That pressure often stems from organizational cultures that normalize always-on communication — sometimes unintentionally. Think of a manager who fires off a note to the team from a beach in Cancun: She may think she’s helping to avoid bottlenecks created by her absence, but what she’s also expressing is “I feel compelled to check in when I’m off,” with a subtle inference of “and you should too.” Or think of a flex-work policy that allows employees to put in shifts at irregular hours: It can be terrific for someone whose life requires an atypical schedule but stressful for the colleague whose phone keeps buzzing at 10 p.m.

In this context, once-latent fears of missing out or worries about dropping balls can obsess us. Layer on tangible workload considerations (read: the dread of the insurmountable to-do list waiting upon our return from vacation), and is it any wonder we feel so drawn to our inboxes?

For these reasons, Gomez (a Smith School of Business MBA graduate) believes the onus is on organizations — not individuals — to re-establish expectations related to digital communication. “It’s not about willpower,” she argues. “It’s about practical policies that work.” This might be asking colleagues to delay delivery of messages until you’re back, for example, or defining what type of matter is truly urgent enough to warrant breaching a holiday blackout. (The list is usually shorter than expected.) Organizational processes like these won’t suddenly diminish your compulsion to check, Gomez says, but they can ease some of your FOMO anxiety and slash some of your email volume, which can, in turn, lessen the time and energy you spend fixated on your phone.

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Reason 3: We’re a bit uneasy with downtime

There’s another reason we struggle to disconnect, and it falls into the “tough love” category: Relaxing isn’t always relaxing. Some high-achieving people who derive great self-esteem from their work can find the vibe shift of vacation — with its lack of structure, deadlines and professional validation — a bit awkward, even when they’re doing things they love, with people they love, in places they love.

“Busyness can be very effective at distracting us from, and helping us to avoid, other experiences that we are less comfortable with,” says Mira Dineen, a registered social worker and the clinical director and founder of Juniper Wellness, which provides online psychotherapy to a clientele of mostly busy professionals. “Clients often tell me that, yes, it’s stressful to be working on vacation, but it might actually be more stressful for them to try to sit still.” If the holiday happens to feature stressors like sugar-crazed children, relatives with terrible opinions or a spouse with whom you’re navigating a rough patch, the dopamine rush of dashing off a few emails can feel comforting, even pleasant.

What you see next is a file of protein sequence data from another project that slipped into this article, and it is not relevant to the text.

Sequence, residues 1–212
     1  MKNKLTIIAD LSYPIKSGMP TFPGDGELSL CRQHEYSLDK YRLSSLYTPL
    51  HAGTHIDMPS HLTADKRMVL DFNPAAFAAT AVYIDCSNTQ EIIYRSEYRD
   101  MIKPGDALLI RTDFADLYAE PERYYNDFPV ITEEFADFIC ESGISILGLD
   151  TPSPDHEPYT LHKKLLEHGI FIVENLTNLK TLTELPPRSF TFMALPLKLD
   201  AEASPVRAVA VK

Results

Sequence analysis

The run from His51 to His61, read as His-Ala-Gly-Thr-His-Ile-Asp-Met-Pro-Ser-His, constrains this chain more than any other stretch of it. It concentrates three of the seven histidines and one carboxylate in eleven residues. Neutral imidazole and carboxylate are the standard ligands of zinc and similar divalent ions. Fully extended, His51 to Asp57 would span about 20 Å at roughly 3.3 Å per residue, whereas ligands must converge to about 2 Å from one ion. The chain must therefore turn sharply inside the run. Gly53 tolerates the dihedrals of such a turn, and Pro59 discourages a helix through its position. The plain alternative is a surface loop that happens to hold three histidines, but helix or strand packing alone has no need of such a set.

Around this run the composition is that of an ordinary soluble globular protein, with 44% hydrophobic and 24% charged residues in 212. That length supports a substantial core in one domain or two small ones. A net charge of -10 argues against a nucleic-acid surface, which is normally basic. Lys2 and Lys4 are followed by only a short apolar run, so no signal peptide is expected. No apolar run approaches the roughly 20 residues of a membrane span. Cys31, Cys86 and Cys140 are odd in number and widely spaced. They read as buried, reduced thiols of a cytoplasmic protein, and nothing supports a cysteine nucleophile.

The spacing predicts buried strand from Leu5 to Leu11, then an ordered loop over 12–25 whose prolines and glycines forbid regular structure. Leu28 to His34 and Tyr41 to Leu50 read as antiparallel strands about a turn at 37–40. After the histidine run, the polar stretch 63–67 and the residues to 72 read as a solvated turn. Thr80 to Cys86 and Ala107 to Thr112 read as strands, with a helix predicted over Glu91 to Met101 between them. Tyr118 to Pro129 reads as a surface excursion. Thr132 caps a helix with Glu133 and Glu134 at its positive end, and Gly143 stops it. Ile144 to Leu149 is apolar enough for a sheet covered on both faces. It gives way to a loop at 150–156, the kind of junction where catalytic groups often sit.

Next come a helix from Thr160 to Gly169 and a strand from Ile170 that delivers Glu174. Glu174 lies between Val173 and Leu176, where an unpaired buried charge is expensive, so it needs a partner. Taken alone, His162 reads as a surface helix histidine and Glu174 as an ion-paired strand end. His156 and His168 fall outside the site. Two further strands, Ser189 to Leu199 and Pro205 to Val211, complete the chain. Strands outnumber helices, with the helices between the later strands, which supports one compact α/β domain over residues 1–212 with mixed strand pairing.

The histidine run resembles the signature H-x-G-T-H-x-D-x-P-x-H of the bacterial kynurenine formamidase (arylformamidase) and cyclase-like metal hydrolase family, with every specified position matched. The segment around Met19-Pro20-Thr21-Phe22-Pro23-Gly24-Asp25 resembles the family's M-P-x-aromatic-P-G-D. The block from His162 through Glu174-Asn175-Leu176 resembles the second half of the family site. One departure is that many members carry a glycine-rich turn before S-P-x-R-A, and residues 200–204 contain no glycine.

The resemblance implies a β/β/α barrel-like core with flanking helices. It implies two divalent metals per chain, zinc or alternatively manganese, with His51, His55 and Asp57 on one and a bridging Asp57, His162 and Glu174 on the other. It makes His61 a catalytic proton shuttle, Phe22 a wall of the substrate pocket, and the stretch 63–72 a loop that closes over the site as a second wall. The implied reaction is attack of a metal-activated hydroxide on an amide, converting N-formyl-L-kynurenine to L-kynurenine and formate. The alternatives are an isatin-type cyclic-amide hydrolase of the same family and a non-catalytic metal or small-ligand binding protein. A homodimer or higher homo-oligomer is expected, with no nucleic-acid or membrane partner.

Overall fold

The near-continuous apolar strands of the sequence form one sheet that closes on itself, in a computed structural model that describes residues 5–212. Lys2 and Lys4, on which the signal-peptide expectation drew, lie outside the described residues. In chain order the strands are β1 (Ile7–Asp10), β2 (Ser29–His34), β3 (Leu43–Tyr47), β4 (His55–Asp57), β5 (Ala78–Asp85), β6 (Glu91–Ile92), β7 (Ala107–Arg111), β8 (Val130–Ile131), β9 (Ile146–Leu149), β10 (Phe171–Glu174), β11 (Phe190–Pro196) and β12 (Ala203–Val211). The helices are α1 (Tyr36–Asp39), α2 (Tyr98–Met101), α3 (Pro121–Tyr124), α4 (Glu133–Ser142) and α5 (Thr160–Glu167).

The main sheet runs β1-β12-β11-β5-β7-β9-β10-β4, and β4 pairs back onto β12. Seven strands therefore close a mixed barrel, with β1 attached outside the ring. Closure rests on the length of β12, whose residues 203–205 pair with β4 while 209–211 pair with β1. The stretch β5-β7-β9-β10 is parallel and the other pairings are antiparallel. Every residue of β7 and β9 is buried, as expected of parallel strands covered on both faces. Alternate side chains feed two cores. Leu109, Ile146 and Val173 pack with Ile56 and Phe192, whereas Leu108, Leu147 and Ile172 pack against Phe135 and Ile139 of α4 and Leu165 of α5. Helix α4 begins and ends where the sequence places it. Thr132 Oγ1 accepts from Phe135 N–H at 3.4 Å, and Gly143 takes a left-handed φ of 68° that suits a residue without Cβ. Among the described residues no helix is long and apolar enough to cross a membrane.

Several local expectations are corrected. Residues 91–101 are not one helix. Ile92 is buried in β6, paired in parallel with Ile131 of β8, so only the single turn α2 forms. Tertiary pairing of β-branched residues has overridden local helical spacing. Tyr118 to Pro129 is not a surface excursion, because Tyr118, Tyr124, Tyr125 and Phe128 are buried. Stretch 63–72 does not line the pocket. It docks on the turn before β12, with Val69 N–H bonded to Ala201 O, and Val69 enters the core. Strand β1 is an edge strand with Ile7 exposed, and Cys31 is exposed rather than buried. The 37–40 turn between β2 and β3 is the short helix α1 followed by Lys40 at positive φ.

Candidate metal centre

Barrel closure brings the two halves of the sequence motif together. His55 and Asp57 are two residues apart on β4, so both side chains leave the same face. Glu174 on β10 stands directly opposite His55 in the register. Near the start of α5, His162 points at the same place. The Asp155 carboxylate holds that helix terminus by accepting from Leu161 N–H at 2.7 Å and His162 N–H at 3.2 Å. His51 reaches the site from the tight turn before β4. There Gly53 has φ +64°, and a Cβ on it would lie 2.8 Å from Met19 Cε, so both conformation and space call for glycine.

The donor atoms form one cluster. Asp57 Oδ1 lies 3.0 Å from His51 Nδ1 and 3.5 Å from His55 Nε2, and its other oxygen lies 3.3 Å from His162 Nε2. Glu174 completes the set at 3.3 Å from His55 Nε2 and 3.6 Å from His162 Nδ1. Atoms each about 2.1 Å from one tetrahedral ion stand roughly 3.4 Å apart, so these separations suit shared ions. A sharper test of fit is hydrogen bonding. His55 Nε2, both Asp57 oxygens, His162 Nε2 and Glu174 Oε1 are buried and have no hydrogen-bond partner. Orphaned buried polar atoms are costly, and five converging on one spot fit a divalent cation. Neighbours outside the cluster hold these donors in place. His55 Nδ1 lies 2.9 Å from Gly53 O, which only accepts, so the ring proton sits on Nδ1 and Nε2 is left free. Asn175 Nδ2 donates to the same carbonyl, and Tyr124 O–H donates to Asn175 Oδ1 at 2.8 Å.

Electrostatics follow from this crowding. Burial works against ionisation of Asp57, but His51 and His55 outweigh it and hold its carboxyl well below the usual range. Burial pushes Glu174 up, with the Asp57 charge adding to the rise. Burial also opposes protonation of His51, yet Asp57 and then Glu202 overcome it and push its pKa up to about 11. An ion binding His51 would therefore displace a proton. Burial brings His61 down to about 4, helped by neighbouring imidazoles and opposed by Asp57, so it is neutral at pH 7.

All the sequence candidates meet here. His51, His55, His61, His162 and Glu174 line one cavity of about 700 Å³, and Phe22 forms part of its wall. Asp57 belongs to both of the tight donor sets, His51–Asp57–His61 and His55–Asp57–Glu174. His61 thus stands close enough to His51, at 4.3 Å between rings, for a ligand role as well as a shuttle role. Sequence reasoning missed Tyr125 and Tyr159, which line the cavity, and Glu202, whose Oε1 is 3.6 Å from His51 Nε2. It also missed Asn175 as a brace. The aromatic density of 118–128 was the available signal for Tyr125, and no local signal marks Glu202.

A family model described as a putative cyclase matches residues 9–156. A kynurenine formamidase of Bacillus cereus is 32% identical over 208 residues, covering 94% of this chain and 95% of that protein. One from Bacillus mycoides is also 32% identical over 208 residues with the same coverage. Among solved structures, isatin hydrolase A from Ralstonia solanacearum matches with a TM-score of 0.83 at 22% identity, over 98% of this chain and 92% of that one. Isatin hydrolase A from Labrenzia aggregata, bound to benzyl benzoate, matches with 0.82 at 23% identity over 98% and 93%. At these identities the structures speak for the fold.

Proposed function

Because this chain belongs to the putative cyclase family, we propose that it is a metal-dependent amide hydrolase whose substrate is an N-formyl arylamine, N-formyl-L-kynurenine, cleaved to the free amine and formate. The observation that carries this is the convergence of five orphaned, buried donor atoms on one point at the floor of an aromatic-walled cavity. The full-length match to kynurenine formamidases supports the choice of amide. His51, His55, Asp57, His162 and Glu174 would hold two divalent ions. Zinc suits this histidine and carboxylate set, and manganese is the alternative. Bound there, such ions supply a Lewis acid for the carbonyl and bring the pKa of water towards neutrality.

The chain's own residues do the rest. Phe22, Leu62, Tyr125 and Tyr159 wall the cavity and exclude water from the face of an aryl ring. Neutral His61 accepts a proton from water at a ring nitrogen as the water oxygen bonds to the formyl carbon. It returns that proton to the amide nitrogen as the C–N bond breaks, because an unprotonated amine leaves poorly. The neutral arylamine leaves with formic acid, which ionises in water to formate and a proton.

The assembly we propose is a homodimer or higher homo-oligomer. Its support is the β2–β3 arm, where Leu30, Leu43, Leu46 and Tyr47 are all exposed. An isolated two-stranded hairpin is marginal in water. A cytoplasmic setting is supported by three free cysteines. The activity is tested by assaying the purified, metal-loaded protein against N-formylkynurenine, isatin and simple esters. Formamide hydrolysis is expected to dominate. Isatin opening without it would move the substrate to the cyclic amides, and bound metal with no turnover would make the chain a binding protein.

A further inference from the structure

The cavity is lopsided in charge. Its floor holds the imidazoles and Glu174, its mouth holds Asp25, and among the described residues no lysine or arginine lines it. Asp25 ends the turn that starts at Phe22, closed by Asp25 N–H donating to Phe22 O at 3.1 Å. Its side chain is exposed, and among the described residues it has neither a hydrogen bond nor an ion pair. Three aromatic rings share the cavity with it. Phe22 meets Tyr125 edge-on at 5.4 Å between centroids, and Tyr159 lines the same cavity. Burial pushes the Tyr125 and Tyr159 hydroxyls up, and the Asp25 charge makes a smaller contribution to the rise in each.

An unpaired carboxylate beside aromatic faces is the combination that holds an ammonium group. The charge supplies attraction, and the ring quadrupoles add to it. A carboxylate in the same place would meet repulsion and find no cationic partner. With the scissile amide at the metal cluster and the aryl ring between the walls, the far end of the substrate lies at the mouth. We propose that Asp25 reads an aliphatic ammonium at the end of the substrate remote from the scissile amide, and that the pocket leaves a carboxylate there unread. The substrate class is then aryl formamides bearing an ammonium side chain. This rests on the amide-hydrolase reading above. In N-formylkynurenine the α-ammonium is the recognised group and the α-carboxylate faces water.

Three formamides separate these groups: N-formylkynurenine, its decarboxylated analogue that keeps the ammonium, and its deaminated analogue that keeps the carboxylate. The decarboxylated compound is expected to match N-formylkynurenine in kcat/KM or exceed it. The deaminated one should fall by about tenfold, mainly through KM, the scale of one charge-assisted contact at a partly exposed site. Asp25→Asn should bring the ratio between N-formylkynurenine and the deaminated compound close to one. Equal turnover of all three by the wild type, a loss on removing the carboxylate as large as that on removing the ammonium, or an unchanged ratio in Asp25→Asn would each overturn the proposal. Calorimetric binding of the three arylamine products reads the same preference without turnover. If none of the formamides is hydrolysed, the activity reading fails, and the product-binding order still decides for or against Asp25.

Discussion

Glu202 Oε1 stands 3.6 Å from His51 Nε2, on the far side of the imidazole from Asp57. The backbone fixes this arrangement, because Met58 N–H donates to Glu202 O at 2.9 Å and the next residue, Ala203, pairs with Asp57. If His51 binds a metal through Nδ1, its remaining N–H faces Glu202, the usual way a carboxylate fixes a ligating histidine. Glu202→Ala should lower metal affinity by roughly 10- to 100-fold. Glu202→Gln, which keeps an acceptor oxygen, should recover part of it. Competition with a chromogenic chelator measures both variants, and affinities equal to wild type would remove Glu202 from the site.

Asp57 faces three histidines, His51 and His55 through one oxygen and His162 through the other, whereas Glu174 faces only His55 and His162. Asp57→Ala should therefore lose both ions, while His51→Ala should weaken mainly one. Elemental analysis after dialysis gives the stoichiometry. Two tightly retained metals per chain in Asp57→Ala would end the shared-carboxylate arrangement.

In Dineen’s view, a bit of introspection can reframe your outlook towards, well, Outlook. Why are you drawn to log on? Do you feel a sense of habitual obligation? Are you looking for a reason to avoid someone or something in your immediate proximity? Are you simply bored? “It’s really important to reflect deeply on what is motivating your particular drive to just check in and to sit with whatever is bubbling under the surface,” she says. Sound unpleasant? It can be, she acknowledges, but it’s no less necessary: “The more difficulty a person has with it, the more important it is to do.”

If it isn’t realistic or possible to unplug completely, Dineen recommends scheduling limited time — say, 10 minutes, max — for work that is truly urgent and time-sensitive. As for the rest? Even that lingering urge to just log on, real quick, to make sure nothing is on fire? Challenge yourself to avoid the temptation, by, for example, redirecting your attention to something fun (maybe to that novel that’s been on your bedside table for a month?) or reminding yourself that downtime is an investment in yourself. After all, she says, setting boundaries can not only protect your vacation time but can also allow you to reap the psychological, interpersonal and health benefits of truly unwinding.

Understanding what’s behind our urge to stay connected might not result in a totally unplugged holiday. Indeed, all three experts consulted for this article admitted to periodic and limited email monitoring during vacation. But if this awareness can keep our screen time from overwhelming our downtime, we’ll be better off for it. “We need rest, we need relaxation, we need to tap into other parts of ourselves that aren’t related to work mode,” Dineen says. “It really is essential for not only our mental health but also for a more well-rounded sense of identity.”